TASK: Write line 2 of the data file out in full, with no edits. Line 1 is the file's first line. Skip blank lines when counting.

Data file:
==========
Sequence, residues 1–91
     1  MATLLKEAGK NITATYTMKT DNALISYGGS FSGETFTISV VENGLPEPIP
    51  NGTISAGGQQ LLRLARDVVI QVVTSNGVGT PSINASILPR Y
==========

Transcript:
     1  MATLLKEAGK NITATYTMKT DNALISYGGS FSGETFTISV VENGLPEPIP